America's 35th president, John Fitzgerald Kennedy, embodied many contradictions. Born to great privilege and exuding personal vigor in public, he privately suffered relentless physical pain. A champion of progress and science, he navigated the nation through one of the most frightening incidents in world history—one in which science might have enabled destruction and death on an unprecedented scale. Admired for his youthful energy and fresh vision, he was robbed of the chance to fulfill his presidential potential, felled by an assassin's bullet at the age of only 46.

The videos below include vintage newsreels and footage that reveal Kennedy as the first president perfectly suited to the TV age. They showcase not only his camera-friendly looks, intelligence and charisma, but the vision and hope he inspired in Americans—and the immense national grief they shared upon his death.


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JFK's 'New Frontier'

When the junior senator from Massachusetts narrowly won the nation's top job in 1960, he appeared to be ushering in a new era—of ambition, optimism and change. Twenty-seven years younger than his predecessor Dwight Eisenhower (who had suffered both a heart attack and stroke while in office), Kennedy with his young family brought a spark of glamour and verve into the White House. "The torch has been passed to a new generation of optimism," he declared in his inaugural address. It delivered hope to Americans in a time of high Cold War anxiety.

JFK's Peppy 1960 Campaign Jingle

Kennedy's presidential campaign had a challenging line to walk: Its messaging needed to capitalize on the appeal of his youth, while not having him appear too inexperienced to run the free world. This frothy TV ad works hard to strike a balance.

JFK's Historic Campaign: Running as a Catholic

At the time Kennedy ran for president, in 1960, Catholic politicians still inspired deep skepticism among the American electorate. The only other Catholic to make a bid for the White House—Al Smith, some three decades earlier—had been soundly defeated. America's dominant Protestant and Evangelical voters, especially, viewed Catholics with suspicion, suggesting that they would "rule from the Vatican," translating religious tenets into public policy. Watch how JFK tackles the issue head on.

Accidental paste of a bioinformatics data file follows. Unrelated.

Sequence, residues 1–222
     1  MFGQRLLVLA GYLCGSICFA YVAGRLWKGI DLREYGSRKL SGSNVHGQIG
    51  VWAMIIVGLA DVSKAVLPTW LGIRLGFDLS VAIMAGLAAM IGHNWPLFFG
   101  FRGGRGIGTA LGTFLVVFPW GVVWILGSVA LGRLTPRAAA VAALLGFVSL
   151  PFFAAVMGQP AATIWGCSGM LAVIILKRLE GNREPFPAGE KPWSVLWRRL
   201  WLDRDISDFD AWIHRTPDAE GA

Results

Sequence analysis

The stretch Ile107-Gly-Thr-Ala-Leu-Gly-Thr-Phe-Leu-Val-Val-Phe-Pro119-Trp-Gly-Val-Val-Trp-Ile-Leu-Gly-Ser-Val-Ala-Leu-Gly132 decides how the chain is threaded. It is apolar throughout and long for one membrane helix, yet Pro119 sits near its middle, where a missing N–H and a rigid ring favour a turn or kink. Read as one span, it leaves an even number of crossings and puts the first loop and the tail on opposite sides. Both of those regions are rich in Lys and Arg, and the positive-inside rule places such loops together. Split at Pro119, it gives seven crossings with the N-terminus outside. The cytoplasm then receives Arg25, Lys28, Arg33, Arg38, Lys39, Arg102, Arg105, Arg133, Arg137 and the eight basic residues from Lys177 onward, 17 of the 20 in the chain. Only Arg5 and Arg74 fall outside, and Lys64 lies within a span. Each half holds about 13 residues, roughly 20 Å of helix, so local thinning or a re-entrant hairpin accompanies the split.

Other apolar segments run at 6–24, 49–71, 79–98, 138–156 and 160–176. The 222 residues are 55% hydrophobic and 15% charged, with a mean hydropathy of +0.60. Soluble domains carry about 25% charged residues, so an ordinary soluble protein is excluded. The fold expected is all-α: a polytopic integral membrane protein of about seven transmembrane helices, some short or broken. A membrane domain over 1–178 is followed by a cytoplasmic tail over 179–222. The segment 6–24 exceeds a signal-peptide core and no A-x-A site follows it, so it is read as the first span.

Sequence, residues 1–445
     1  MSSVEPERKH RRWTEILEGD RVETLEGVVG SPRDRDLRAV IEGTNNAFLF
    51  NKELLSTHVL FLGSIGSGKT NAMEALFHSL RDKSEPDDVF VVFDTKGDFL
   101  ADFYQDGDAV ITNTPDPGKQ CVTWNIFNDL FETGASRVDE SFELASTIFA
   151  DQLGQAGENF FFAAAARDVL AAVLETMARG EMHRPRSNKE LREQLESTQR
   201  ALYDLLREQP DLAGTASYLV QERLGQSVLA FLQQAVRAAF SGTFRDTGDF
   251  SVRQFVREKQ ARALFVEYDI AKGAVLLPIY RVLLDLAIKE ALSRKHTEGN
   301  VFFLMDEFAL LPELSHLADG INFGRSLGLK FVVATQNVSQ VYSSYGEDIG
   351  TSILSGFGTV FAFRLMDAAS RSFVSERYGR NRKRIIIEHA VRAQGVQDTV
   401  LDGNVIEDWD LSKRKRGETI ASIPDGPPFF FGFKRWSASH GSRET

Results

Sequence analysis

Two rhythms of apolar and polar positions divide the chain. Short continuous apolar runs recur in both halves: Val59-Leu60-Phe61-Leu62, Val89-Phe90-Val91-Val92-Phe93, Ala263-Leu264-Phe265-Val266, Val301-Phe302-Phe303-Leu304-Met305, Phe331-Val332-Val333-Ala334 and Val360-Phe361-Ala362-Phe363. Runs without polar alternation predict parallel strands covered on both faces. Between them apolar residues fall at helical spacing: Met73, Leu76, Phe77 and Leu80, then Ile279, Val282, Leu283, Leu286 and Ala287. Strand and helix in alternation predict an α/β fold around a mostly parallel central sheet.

JFK's Inaugural Speech: Carrying the Torch for a New Generation

Kennedy took the oath of office on January 20, 1961, a bitterly cold, 22-degree day. As glare reflected off a fresh blanket of deep snow, the new president expressed his priority for America—to defend freedom at any cost: "We shall pay any price, bear any burden, meet any hardship, support any friend, oppose any foe to assure the survival and success of liberty." Watch excerpts from his eloquent inaugural address here, including his most-quoted line.

JFK Aims For the Moon

As president during both the Cold War and space age, it's no wonder Kennedy had his eyes to the sky. Just months into his presidency, America's superpower rival, the Soviet Union, scored a space race win when Yuri Gagarin became the first human to orbit the earth. Kennedy soon announced his goal of having an American on the moon by the end of the 1960s.

Kennedy Governs Through Pain

JFK projected the image of a young, fit president: an accomplished golfer and weekend sailor who always seemed to have time for a quick game of touch football. In reality, his lifelong health problems were so acute that he had last rites administered three separate times before his presidential run. Yet despite a long list of conditions—and medications—he successfully hid his health woes and steered the nation through some of its most harrowing Cold War challenges.

Cold War Camraderie—or a Translation Blooper?

When JFK traveled to Berlin in 1963 to claim solidarity with Germany's freedom-loving citizens—and send a message to the Soviets—he stood in front of the imposing Berlin Wall separating the city into democratic and communist zones. Little did he know that when he declared to the crowd, “Ich bin ein Berliner”—or “I am also a citizen of Berlin”—that some people translated it as "I am a jelly doughnut."

The World Mourns the Slain Leader

This vintage newsreel documents a shocked nation saying farewell to its fallen leader. Jackie Kennedy had specifically directed that her husband's funeral arrangements mimic the protocol and details of Abraham Lincoln's. The camera follows the solemn procession as a horse-drawn caisson conveys Kennedy's flag-draped coffin to the U.S. Capitol, where it lay in state under the Rotunda. Waiting in lines that sometimes backed up for miles, a quarter-million mourners filed through to pay their final respects.